Aaron Miller, who spent many years in government dealing with Middle East affairs, said Biden needed to weigh the potential drawbacks of a break with Saudi Arabia, a vital ally to the United States in fighting terrorism and countering Iran in the region.

"Biden will have to decide whether the objective is to punish Saudi Arabia to preempt domestic criticism or to try to alter MBS's behavior," he said, using the nickname for Saudi Crown Prince Mohammed bin Salman. "The latter will be hard, even if Biden moves to suspend all arms sales -- a response that could impact U.S. policy in the Gulf with regard to Iran."

The president was subject to withering criticism for visiting Saudi Arabia in July and giving a fist bump to Mohammed, despite a campaign promise to make the kingdom an international "pariah" for the killing of Saudi journalist Jamal Khashoggi.

The CIA has determined that Mohammed ordered the operation that led to the 2018 murder of Khashoggi, who was a columnist for The Washington Post and a resident of the United States. The crown prince denied being involved.

Overcoming his own reservations, Biden went along with advisers who had argued that it was worth the political hit to restore ties with Saudi Arabia for a variety of reasons, such as the need to bolster energy markets given the effort to isolate Russia, one of the biggest oil producers in the world.

While no specific announcements were made during Biden's July visit to Jiddah, U.S. officials said at the time that they had an understanding with Saudi Arabia that it would increase oil production in the fall and lower gasoline prices heading into the crucial congressional elections.

The Saudi decision to do the opposite last week in defiance of U.S. entreaties was a blow to Biden and opened him to further criticism even from fellow Democrats who argued that Saudi Arabia should be punished.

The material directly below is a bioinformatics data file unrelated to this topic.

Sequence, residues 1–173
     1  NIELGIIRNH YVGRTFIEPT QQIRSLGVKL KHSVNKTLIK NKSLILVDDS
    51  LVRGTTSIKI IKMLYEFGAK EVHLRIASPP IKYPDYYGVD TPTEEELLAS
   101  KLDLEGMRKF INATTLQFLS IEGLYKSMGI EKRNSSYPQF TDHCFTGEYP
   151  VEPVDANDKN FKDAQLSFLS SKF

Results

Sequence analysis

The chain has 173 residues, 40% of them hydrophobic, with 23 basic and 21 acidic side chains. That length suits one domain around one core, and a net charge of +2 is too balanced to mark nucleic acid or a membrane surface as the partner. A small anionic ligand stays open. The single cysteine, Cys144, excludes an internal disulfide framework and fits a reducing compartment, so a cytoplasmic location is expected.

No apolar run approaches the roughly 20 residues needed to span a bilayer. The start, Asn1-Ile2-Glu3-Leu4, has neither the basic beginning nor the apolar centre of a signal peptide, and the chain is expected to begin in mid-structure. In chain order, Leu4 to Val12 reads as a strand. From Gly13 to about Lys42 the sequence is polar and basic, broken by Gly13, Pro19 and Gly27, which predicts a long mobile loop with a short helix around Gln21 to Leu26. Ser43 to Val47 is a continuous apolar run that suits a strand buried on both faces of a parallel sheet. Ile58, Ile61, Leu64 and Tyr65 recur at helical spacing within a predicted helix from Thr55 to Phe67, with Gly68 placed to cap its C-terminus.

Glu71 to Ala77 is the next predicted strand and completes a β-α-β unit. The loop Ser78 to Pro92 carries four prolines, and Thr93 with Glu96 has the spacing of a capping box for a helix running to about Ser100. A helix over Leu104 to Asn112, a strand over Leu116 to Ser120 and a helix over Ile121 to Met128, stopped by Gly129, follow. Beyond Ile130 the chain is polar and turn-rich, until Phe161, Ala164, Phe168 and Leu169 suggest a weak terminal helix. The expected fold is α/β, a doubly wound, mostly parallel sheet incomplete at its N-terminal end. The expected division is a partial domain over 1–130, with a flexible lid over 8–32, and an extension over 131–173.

After falling for more than three months, gas prices are rising again, increasing by 12 cents a gallon on average over the last week to $3.92, according to AAA. The White House was counting on falling gas prices to buttress Democratic efforts to keep control of both chambers of Congress.

The anger in Washington at Saudi Arabia was exacerbated in the last two days by Russia's latest strikes against civilian targets across Ukraine. The Saudi alignment with Russia came even as China and India have put more distance between themselves and Moscow over the war in Ukraine.

Democrats increasingly framed the dispute with Saudi Arabia in terms of the kingdom's willingness to aid Putin's aggression.

"Saudi Arabia's disastrous decision to slash oil production by two million barrels a day makes it clear that Riyadh is seeking to harm the U.S. and reaffirms the need to reassess the U.S.-Saudi relationship," Khanna said. "There is no reason for the U.S. to kowtow to a regime that has massacred countless civilians in Yemen, hacked to death a Washington-based journalist and is now extorting Americans at the pump."

"This is not the time for business as usual with Mr. Putin or the Kremlin," Kirby said.

As for the Saudis, Blumenthal said, "We cannot continue selling highly sensitive arms technology to a nation aligned with an abhorrent terrorist adversary."

FACTOR OF STABILITY

Putin hailed OPEC's decision to limit oil production as he met Tuesday with the leader of the United Arab Emirates for talks on fostering economic ties.

Speaking at the start of his talks in St. Petersburg with Sheikh Mohammed bin Zayed Al Nahyan, the ruler of Abu Dhabi and president of the United Arab Emirates, Putin hailed the ties between the two countries as important for regional and global stability.

"Despite all the difficulties that exist in the international relations today, ties between Russia and the United Arab Emirates are an important factor of stability in the region and the entire world," Putin said.

The Russian leader noted Al Nahyan's support for the decision of the OPEC+ group that includes Russia to limit oil production to shore up oil prices, saying that "our decisions, our action, aren't directed against anyone."

Putin said: "Our actions are aimed at ensuring stability in global energy markets to make both consumers of energy resources and those who deal with production and supplies feel calm, stability and confidence, to help balance supply and demand."

Many in the West saw the decision by OPEC and its allies as a move that would help Putin finance Russia's action in Ukraine.

The United Arab Emirates has maintained close business ties with Russia and sought to refrain from joining the sanctions imposed by the U.S. and other Western allies over Moscow's action in Ukraine.

Putin hailed Al Nahyan for mediation efforts that helped solve some "really sensitive humanitarian issues" in Ukraine.

"I'm aware of your concern about the development of the situation and your desire to contribute to the settlement of all disputed issues, including today's crisis in Ukraine," Putin said.

Information for this article was contributed by Peter Baker of The New York Times and by Aamer Madhani, Ellen Knickmeyer and staff members of The Associated Press.